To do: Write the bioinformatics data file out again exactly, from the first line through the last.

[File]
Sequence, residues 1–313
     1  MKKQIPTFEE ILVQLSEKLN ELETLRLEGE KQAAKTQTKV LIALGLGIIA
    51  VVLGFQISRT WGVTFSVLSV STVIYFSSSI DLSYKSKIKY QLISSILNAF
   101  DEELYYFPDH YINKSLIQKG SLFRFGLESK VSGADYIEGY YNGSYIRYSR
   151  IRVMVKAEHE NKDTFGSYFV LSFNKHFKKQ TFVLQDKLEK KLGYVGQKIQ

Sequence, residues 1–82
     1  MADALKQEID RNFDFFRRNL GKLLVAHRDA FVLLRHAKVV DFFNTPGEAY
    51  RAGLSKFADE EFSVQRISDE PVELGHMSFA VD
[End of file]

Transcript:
Sequence, residues 1–313
     1  MKKQIPTFEE ILVQLSEKLN ELETLRLEGE KQAAKTQTKV LIALGLGIIA
    51  VVLGFQISRT WGVTFSVLSV STVIYFSSSI DLSYKSKIKY QLISSILNAF
   101  DEELYYFPDH YINKSLIQKG SLFRFGLESK VSGADYIEGY YNGSYIRYSR
   151  IRVMVKAEHE NKDTFGSYFV LSFNKHFKKQ TFVLQDKLEK KLGYVGQKIQ

Sequence, residues 1–82
     1  MADALKQEID RNFDFFRRNL GKLLVAHRDA FVLLRHAKVV DFFNTPGEAY
    51  RAGLSKFADE EFSVQRISDE PVELGHMSFA VD